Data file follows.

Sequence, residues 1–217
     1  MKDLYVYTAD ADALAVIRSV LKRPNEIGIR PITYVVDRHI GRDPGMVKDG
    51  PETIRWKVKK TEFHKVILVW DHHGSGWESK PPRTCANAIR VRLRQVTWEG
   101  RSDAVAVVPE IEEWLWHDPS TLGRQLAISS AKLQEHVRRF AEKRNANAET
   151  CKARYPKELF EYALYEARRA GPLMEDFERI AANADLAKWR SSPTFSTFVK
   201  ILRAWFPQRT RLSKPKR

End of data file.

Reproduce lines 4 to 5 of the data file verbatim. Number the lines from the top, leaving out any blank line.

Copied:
   101  RSDAVAVVPE IEEWLWHDPS TLGRQLAISS AKLQEHVRRF AEKRNANAET
   151  CKARYPKELF EYALYEARRA GPLMEDFERI AANADLAKWR SSPTFSTFVK